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Ontario agri-food sector heroes supporting families during COVID-19 outbreak

 

Op-ed from Minister Ernie Hardeman, Ontario Minister of Agriculture, Food and Rural Affairs

 
Over the last few weeks, Ontarians have become used to hearing terms like “unprecedented” to describe the times we’re living in.
 
The COVID-19 outbreak has changed our daily routines and required each and every one of us to respond to challenges and adapt in ways we never imagined. With the health and well-being of Ontarians as our government’s top priority, we have declared a state of emergency and introduced measures aimed at stopping the spread, including mandatory closure of non-essential businesses and investing $17 billion into Ontario’s Action Plan: Responding to COVID-19. This includes making $10 billion available in support for people and businesses through tax and other deferrals to improve their cash flow. It also provides $3.3 billion in support for frontline health care workers, hospital capacity to increase assessments and treatments, and more personal protective equipment and medical supplies.
 
Extraordinary times call for extraordinary measures. But they also create extraordinary heroes. And across our province, I want to acknowledge those who are making sure our grocery store shelves are full and food is on our tables, especially in the midst of a crisis. You are truly an inspiration to us all.
 
Our farmers and people in the food processing industry have continued to show up to work day in and day out to provide for their fellow citizens. To grow, produce and process the incredible variety of foods we purchase and consume every day.
 
I am grateful for all those people working in Ontario’s agriculture and agri-food sector for keeping our food supply chains operating. I am grateful for the plant employees that continue to produce the milk, meat, bread, canned goods and other foods that Ontario families depend on. I am grateful for the truck drivers who are working around the clock moving goods from food plants to stores across Ontario. And I am grateful that across the province, farmers and food processors are embracing the Ontario Spirit as we come together, as a province, to support one another through this difficult time.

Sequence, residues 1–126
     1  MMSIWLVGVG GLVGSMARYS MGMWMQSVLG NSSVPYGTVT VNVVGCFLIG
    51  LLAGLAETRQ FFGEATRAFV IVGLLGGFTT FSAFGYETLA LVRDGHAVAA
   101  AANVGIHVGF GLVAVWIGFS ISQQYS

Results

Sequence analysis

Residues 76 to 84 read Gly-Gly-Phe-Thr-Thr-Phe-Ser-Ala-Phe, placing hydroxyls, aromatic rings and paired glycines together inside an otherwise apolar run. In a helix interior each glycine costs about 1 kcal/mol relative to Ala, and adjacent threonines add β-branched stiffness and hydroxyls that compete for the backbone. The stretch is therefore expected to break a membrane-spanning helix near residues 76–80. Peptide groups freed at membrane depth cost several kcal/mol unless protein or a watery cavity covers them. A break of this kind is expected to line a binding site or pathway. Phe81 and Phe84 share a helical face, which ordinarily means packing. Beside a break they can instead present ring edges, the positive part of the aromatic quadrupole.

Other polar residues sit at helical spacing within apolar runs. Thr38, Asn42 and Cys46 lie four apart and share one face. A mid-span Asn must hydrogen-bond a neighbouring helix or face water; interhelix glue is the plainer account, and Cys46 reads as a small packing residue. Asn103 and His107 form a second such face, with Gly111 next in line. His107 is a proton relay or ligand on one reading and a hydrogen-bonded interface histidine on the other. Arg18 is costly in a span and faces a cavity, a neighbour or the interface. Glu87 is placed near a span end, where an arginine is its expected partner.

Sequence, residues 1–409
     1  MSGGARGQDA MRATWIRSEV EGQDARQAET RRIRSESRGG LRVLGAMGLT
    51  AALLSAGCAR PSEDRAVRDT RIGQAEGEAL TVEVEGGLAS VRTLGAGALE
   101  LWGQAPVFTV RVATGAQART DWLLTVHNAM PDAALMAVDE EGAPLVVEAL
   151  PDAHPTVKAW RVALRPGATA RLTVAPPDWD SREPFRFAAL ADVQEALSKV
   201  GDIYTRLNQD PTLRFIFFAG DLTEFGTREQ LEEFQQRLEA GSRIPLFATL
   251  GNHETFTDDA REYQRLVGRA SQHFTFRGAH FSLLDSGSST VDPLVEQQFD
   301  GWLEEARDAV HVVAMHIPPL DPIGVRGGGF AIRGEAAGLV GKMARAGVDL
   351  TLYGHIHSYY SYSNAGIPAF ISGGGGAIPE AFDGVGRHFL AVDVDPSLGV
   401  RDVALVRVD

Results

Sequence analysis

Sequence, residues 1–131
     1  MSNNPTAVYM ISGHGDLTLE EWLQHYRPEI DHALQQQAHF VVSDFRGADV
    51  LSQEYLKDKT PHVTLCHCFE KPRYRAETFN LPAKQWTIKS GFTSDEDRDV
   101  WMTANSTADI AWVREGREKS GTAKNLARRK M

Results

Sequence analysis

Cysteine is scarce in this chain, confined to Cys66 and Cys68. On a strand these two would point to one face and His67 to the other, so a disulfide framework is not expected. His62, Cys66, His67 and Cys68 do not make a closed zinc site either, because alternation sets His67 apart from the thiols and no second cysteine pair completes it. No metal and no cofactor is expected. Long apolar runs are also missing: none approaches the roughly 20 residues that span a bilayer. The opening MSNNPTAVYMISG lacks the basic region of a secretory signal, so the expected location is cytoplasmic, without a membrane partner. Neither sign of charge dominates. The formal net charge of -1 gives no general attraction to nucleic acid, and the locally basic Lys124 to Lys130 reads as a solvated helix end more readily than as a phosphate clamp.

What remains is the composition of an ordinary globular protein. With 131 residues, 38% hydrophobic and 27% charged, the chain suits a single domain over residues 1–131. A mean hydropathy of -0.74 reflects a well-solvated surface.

Over the last few weeks, we have all been reminded of the need to support Ontario agriculture and our food supply chain. At a time like this, we all truly appreciate how vital these sectors are to our province. Not just for their economic contributions, but for the sometimes-overlooked role they play in providing, safe, healthy and nutritious food all year round. Ontarians are now more aware of this fact.
 
Again, I extend my sincere appreciation to our province’s entire food sector for the critical work they do to keep us nourished during this crisis. While many of us are at home practicing physical distancing, they continue to go to work every day to produce some of the safest, highest quality foods in the world and I could not be more proud of their extraordinary effort and dedication. I encourage everyone to take any opportunity to say thank you.
 
From farmers growing our food to doctors and nurses helping the sick, to cleaning staff keeping everything sanitized, we all have a role during this pandemic and together, we’re demonstrating the Ontario Spirit and resolve that will see us through these dark days.
Source : OMAFRA

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Non-Family Transition 101

Video: Non-Family Transition 101


Presented by Darcy Smith and Dana Penrice from Young Agrarians

This presentation was part of Farm Transition Appreciation Day January 12, 2021, celebrating farm transition planning at every stage and helping you and your farm team take the next step in farm transition.

This webinar provides both current and entering farmers with a framework for understanding non-family transition, along with information and considerations about different possible models. Young Agrarians, an education resource network for new farmers, launched a Transition Toolkit for Non-Family Farm Transfer in 2020. In this webinar, you’ll be introduced to concepts and tools from the toolkit to apply to your own alternative farm transition through a six- stage process, from setting your vision, to identifying models and assessing feasibility, to identifying what resources you need. This project grew from the stories we’ve heard from seasoned farmers struggling to see a way to pass their farm on to the next generation.